Those who listen to the music of South Asia will not need to be told who Mehdi Hassan is. I am interested not so much in introducing him to readers as in discussing my experience of listening to a private recording of one his live performances, made available in the last decade on YouTube.

I have one ghazal in particular in mind, by Hasrat Mohani, Kaise Chhupaun Raaz e Gham, whose studio version I first heard when I was 15. It was on an album simply called Ghazals, a collection of the recordings – presumably 78 or 45 rpm releases – that had made Mehdi Hassan famous in Pakistan, and then in India. Kaise Chhupaun Raaz e Gham (“how do I hide this secret pain”: a tautology that works beautifully in Urdu) was, in this version, about six minutes long.


The recording seemed to be from the 1960s, possibly done in the Radio Pakistan studio. It was a song in which Mehdi Hassan sang to a baithak accompaniment, with no film-type additions: just a harmonium, sarangi, tabla and swarmandal.

Also, as was the case sometimes with traditional ghazal performances, the sthhayi (to speak in terms of song-structure), or matla’a, or the opening verse and its rhyming sections, was sung with the tabla, and the antara (the second bit of the structure) without.

Then, around six years ago, I discovered a live version of this song on YouTube that was more than 26 minutes long: the length, say, of a khayal, incorporating both vilambit and drut compositions, on a long playing record.


Ghazal performances – especially for Hassan, for whom the form is an opportunity for musical elaboration – can occasionally be around ten minutes long, or slightly longer; but when you see a figure like 26.38 (the playing time of a long playing record), you wonder if the ghazal as a musical form, not just as a poetic one, has the capacity to be expanded in this way and still hold the listener’s attention.

The answer, of course, is that, in the hands of a certain kind of improviser or creator, almost any form or raw material can explored through variations that one wouldn’t have thought it capable of accommodating.

To me, this particular recording is significant for one reason: it made me understand, for the first time, as I was listening to it again a few years ago, what improvisation in Hindustani classical music is. It is deferral. Elaboration or variation or improvisation – or whatever we wish to call the imaginative treatment of the raga – is no different from prevarication. Alankar is not simply adornment, or the addition of intricate detail, it is also the holding back of something: a note or a phrase. It involves the deliberate and pleasurable setting up, and disappointment, of expectation.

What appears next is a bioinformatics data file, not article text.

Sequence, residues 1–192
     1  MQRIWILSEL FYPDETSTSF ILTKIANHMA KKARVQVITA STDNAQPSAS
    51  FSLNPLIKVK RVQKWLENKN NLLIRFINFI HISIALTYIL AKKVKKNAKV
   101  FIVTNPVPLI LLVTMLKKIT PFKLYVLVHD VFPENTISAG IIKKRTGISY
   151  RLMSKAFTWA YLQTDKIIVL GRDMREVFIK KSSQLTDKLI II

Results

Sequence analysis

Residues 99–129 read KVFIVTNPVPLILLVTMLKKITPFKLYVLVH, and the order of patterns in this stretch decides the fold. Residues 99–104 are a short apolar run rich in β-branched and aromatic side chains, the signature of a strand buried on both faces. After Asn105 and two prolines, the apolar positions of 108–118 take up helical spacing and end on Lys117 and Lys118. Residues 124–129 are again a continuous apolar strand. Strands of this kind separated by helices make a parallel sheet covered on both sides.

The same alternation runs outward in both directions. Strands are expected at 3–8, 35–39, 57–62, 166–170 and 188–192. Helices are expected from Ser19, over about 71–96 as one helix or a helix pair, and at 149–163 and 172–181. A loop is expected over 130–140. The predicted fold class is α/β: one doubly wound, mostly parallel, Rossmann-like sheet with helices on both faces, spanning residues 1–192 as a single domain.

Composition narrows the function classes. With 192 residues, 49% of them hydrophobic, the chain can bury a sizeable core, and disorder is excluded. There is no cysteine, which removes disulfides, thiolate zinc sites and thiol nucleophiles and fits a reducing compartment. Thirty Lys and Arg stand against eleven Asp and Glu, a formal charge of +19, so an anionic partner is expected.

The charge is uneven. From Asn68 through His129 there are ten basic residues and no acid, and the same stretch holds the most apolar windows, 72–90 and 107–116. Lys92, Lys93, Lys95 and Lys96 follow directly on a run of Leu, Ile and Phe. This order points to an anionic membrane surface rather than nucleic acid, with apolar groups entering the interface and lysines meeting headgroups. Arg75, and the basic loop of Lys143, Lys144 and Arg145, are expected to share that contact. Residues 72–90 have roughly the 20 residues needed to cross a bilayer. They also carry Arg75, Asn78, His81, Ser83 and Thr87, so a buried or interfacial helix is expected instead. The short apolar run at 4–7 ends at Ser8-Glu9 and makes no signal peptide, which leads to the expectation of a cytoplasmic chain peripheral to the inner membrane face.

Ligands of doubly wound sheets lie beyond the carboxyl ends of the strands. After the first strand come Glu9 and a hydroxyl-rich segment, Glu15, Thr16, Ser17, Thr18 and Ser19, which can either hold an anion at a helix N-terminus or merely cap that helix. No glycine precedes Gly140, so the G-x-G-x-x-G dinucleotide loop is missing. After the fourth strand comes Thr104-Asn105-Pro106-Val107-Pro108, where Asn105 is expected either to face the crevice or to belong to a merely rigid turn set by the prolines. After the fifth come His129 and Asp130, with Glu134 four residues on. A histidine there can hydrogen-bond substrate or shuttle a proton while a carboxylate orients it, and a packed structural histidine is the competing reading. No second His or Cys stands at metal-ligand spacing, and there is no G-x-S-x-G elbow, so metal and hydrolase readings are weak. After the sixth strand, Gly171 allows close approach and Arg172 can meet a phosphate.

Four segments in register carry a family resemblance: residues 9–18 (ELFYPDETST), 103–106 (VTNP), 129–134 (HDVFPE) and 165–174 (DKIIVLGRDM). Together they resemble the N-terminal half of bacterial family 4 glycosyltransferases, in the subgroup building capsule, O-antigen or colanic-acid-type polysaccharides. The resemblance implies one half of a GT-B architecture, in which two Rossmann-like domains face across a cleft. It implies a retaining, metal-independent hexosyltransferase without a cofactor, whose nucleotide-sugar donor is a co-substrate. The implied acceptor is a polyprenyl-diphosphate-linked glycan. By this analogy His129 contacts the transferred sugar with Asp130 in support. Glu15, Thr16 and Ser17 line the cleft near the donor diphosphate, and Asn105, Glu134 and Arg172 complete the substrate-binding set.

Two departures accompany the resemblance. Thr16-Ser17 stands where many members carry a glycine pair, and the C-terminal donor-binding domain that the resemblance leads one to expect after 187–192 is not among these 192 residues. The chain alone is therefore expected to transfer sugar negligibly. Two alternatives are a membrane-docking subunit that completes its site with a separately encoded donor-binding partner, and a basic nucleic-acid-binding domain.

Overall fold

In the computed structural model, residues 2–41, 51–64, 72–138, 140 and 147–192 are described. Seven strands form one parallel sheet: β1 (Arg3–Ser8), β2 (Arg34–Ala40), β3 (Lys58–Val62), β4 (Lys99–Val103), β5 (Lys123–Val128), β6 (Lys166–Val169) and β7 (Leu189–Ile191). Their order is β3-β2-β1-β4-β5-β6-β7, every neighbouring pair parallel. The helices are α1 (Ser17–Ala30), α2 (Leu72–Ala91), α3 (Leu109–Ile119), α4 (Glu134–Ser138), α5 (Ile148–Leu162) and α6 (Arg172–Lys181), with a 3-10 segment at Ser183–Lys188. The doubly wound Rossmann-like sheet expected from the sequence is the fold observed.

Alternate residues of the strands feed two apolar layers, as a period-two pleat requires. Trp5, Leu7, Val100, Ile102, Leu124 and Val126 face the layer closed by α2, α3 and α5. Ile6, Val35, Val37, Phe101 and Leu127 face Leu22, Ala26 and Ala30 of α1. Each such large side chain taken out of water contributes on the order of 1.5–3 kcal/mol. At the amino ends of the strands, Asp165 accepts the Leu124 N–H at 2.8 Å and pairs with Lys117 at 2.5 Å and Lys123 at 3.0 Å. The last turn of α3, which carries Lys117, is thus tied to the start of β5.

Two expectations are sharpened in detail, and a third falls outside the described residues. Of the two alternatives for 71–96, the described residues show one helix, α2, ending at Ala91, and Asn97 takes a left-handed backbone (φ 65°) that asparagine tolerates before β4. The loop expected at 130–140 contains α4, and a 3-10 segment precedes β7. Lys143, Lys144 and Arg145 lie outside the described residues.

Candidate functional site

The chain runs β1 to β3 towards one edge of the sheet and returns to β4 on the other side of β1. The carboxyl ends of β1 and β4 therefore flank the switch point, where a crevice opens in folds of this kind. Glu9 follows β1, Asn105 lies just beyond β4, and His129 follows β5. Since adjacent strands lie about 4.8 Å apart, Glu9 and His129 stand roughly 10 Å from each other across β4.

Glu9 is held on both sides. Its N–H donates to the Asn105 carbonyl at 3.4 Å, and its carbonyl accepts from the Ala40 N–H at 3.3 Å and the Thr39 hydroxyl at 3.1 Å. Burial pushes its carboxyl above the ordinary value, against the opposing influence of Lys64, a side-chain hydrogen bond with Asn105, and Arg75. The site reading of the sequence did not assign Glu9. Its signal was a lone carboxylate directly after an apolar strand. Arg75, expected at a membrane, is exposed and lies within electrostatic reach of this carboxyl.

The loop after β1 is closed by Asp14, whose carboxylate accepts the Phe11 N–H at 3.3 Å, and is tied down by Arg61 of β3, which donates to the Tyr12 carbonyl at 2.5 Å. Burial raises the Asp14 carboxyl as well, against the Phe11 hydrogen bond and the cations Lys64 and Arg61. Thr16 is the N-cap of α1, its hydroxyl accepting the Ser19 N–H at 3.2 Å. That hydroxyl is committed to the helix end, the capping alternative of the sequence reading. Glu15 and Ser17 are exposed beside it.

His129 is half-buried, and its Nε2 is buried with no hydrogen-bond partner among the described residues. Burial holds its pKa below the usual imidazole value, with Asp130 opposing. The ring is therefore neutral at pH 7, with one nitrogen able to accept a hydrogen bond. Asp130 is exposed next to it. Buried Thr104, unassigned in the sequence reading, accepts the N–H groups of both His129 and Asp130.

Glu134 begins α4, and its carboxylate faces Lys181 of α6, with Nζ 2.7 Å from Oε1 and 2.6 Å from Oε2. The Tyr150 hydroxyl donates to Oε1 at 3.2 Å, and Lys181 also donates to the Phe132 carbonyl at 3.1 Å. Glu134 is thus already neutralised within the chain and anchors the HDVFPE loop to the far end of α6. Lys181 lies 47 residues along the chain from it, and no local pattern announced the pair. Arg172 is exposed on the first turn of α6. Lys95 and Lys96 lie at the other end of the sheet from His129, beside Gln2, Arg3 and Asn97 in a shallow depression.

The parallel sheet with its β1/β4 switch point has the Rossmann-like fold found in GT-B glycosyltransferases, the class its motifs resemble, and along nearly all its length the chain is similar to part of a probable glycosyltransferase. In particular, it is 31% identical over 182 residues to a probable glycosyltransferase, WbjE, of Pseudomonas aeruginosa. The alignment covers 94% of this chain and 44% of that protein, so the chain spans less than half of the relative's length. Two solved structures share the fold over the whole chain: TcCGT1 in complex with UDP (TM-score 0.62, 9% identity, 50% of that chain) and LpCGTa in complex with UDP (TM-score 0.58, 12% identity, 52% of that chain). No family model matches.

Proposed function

I became vaguely aware of this feature in khayal exposition when I was around 17. A cousin of mine (a singer, who was visiting my family in Bombay from Silchar) and I had gone to listen to singer Kishori Amonkar at the Tejpal Auditorium in Mumbai. Amonkar was singing Yaman, a raga. Early on, in the alaap, my cousin exclaimed “Ah!” and whispered, “See how she keeps avoiding the sa.”

Singer Kishori Amonkar. Credit: সায়ন্তন ভট্টাচার্য্য, CC BY-SA 4.0, via Wikimedia Commons.

Of course, the form and progression of Yaman – its chalan, or gait – itself involves bypassing the sa, or the tonic, when the first three notes are sung. So, ni re ga comprise a beginning that is unlike the way the Kalyan thaat (on which, according to musicologist VN Bhatkhandhe, Yaman is based) is written down in music students’ notebooks – sa re ga and onwards.

Few ragas are linear in the way Bhatkhandhe’s thaats are: they are shaped by evasion. Yaman will ascend from ni to re and only return to sa later on in the descent, from a note above it: generally re, which itself will be approached by a note higher in the progression – ga, or pa. Its avoidance of sa is subtle, without, for instance, the extreme obsession that Marwa displays for eliding the tonic. But clearly Amonkar was repeatedly exploring routes in her exposition that ran askance to the sa in a way that caught my cousin’s attention.